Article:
Since the middle of 2015 the requirements for lending policy have been continual changing. This is due to several factors and influences from various government requirements of ASIC, APRA and more recently the impact of the Royal Commission. The past six months have seen significant changes in the way lending organisations assess loan applicants.
Following are several items that you may find will impact on your ability to borrow money.
1. Banks “stress test” your repayment capability
Whether you are approved for a loan or not is not just based on current interest rates. Banks will calculate whether they think you can afford the mortgage today, when the rates increase a little and when the rates go up a lot. So even if you can afford the repayments today, you may still be denied your loan application.
2. Living expenses count
Where the banks previously made (rather generous) assumptions on how little you might spend on expenses in order to afford your mortgage (think living at the poverty line), there is now a growing trend towards requiring clients to submit a detailed budget – in fact lenders now require full disclosure of all current and future living costs supported by your bank statements for up to 3 months showing income and expense transactions and if the bank believes the figures you provide are too low they will use their own figures.
While overall this is a good thing as people can’t take out loans that they can’t afford, it does mean that as a result, many people are unable to refinance as their living expenses are deemed to be too high.
In the years to come, it is anticipated that rather than asking you to declare your living expenses, banks will simply take advantage of their data feeds to automatically pre-populate that info from your bank accounts. So, it is important to start getting your spending under control today. Not to mention that this will help you to cope when interest rates inevitably go up!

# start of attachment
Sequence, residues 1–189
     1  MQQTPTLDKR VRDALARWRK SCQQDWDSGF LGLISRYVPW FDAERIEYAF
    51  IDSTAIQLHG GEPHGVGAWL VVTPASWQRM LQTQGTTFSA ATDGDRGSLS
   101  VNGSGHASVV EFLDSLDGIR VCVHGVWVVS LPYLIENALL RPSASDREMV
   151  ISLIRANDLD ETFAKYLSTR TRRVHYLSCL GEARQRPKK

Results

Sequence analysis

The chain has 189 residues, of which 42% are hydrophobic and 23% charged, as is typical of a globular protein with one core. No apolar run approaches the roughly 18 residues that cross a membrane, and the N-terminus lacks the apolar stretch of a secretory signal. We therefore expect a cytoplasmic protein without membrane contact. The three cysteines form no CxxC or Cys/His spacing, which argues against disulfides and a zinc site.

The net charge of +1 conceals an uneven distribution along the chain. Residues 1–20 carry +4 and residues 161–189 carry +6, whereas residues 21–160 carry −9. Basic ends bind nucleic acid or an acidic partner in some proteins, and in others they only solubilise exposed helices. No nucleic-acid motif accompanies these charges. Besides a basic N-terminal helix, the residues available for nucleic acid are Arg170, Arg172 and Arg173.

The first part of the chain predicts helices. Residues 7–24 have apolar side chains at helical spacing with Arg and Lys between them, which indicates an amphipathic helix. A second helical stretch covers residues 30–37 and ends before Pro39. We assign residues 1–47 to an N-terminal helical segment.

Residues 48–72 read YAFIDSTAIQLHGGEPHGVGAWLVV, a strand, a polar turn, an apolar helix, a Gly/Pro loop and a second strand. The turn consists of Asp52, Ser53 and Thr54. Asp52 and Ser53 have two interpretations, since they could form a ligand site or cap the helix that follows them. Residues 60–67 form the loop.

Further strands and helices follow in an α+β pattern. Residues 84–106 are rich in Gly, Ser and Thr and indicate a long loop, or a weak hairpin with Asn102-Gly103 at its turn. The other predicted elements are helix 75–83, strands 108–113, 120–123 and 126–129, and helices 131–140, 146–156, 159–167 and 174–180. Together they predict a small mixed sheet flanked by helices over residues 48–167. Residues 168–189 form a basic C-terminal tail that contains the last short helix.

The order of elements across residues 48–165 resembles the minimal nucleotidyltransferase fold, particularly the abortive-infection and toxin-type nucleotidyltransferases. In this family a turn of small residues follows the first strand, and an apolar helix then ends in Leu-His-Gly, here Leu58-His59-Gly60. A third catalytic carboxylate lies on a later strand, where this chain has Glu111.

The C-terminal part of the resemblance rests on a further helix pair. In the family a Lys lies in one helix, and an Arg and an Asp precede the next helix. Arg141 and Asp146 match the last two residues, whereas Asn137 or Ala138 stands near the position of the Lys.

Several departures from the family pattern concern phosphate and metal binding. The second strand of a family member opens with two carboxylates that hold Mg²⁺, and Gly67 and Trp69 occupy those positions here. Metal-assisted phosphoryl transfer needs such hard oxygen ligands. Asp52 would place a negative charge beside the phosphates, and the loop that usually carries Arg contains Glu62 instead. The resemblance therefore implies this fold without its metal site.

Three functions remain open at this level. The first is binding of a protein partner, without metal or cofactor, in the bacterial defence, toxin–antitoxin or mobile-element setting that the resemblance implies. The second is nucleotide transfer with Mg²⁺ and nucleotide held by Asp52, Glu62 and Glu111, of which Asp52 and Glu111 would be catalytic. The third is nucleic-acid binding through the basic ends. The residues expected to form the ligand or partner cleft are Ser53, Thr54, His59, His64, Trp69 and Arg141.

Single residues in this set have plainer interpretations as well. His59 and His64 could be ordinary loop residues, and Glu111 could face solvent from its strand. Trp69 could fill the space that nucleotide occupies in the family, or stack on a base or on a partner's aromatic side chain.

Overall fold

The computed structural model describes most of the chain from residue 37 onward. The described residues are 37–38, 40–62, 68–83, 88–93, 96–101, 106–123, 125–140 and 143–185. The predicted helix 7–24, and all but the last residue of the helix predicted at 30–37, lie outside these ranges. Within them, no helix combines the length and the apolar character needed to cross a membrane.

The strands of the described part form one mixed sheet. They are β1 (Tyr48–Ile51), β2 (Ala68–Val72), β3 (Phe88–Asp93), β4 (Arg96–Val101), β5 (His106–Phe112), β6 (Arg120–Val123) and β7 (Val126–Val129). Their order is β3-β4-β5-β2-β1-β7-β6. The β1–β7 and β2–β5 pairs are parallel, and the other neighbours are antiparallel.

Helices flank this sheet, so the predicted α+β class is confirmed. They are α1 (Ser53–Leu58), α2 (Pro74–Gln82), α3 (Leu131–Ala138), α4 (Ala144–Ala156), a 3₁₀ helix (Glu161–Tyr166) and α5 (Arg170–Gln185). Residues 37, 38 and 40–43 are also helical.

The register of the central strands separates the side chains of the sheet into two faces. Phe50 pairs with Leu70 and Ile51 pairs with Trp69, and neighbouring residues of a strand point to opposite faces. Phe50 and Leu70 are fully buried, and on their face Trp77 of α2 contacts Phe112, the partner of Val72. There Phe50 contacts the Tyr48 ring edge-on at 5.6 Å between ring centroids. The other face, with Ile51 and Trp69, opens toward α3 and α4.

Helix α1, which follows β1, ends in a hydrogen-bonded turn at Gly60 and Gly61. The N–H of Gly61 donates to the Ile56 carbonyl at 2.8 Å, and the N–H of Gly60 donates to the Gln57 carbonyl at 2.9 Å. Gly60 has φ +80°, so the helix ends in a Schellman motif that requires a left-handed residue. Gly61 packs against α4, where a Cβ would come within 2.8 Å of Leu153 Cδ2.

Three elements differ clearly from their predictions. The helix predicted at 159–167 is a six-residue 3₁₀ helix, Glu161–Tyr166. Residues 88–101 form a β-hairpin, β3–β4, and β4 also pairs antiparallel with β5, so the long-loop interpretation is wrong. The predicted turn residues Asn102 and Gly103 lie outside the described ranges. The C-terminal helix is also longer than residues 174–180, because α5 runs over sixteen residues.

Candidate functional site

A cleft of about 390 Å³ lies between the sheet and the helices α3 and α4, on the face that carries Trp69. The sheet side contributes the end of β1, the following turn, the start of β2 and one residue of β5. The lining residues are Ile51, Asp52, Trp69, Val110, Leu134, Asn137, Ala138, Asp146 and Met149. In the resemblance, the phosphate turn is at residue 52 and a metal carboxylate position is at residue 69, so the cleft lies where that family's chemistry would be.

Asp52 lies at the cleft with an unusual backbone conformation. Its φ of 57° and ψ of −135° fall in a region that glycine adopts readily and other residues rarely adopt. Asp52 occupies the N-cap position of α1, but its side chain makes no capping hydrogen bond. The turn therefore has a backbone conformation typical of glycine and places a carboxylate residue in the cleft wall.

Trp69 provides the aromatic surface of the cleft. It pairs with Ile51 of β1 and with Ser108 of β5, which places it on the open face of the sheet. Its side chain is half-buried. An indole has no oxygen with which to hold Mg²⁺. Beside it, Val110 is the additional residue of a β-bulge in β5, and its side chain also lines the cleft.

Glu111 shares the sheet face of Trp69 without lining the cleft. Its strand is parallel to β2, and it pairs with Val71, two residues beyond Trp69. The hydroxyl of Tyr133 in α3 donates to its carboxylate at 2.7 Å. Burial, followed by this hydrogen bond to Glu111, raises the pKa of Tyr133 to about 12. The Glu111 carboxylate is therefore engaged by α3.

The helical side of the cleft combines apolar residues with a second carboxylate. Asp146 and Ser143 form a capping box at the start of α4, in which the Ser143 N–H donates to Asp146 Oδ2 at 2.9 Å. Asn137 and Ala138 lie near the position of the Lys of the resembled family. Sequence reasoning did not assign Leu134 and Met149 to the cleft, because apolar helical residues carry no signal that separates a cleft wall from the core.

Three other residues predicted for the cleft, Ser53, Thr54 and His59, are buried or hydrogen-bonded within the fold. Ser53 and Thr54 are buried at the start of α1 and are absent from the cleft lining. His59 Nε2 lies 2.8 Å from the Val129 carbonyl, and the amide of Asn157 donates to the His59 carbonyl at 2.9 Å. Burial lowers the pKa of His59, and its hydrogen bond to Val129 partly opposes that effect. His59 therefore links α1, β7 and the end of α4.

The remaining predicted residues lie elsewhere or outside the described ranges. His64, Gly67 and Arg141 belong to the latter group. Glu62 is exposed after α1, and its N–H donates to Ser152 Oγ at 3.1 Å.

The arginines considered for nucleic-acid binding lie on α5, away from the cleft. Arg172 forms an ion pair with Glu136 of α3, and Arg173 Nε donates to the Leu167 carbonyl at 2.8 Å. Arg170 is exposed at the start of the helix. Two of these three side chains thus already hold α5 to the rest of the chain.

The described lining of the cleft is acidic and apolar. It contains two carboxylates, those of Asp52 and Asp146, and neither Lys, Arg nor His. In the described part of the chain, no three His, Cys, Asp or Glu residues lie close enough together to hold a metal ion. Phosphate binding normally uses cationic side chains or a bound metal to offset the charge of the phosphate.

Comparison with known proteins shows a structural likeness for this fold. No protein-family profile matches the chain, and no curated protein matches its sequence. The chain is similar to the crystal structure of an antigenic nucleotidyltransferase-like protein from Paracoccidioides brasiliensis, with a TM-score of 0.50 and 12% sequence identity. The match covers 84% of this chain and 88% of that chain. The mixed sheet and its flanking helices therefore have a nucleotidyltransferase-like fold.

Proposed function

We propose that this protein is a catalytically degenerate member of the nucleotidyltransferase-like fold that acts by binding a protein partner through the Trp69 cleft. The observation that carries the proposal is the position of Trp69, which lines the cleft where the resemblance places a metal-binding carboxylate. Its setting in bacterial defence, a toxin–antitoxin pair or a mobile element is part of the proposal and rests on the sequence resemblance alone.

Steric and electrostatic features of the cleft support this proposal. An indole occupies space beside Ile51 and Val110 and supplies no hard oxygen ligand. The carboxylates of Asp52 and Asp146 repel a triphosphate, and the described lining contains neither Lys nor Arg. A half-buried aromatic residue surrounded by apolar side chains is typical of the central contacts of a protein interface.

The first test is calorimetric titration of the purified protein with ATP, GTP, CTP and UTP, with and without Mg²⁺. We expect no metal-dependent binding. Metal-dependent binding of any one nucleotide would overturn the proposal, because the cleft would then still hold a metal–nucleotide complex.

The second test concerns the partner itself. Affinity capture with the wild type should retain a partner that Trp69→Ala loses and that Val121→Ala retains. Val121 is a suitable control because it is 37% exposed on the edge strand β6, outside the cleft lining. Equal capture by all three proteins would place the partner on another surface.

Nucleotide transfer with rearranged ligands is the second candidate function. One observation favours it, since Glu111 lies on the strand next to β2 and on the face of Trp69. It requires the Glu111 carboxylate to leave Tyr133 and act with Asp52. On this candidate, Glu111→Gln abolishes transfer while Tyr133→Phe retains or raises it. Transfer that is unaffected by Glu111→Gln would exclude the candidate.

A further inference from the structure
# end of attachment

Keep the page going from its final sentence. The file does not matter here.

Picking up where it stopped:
3. You’ll need to show proof
Whether you’re applying for a new loan or a refinance, you’ll likely need to provide some solid evidence of your expenses and your income. Expect to be asked for:
- Two recent payslips (or your last two tax returns if you’re self-employed)
- Proof of your identity (e.g. Medicare card and drivers license)
- Living Expenses – lenders require full disclosure of all current and future living costs supported by your bank statements for up to 3 months showing income and expense transactions.
- A rates notice (if refinancing) or a Contract of Sale
- Current Loan Balances – some lenders will request latest statements, loan commencement and terms of all commitments even if not refinancing the debt.
- The last six months of bank statements on your mortgage (if refinancing).
- Copies of your credit card and personal loan statements.
- Any salary deductions that are voluntary will need confirmation that they are voluntary by the employer.
- Details of an exit strategy of how loans will be paid out for all lending that is being made for those above 42 years of age.
4. Mortgage brokers can help
Not all banks have the same lending criteria, so using an experienced mortgage broker can save you a lot of hassle, especially when more paperwork and knowledge of the industry is required now than ever before. This approach can also help to protect your credit score as multiple applications and, of course, any declined applications can have an impact on your score so better to get things right the first time.
The key is to be prepared to provide detail – and of course, do your research so you know what you can afford before you apply.